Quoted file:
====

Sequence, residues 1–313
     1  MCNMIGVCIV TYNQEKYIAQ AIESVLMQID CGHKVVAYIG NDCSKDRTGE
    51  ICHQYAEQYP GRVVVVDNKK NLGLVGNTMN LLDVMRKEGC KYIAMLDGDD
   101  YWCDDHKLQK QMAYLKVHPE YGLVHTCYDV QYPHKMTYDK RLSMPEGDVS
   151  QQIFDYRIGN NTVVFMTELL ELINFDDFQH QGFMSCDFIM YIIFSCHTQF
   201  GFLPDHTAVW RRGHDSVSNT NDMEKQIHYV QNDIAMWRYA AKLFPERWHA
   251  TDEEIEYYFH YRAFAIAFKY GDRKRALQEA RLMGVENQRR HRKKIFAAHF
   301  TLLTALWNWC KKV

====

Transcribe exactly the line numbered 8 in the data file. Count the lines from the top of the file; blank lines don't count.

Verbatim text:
   301  TLLTALWNWC KKV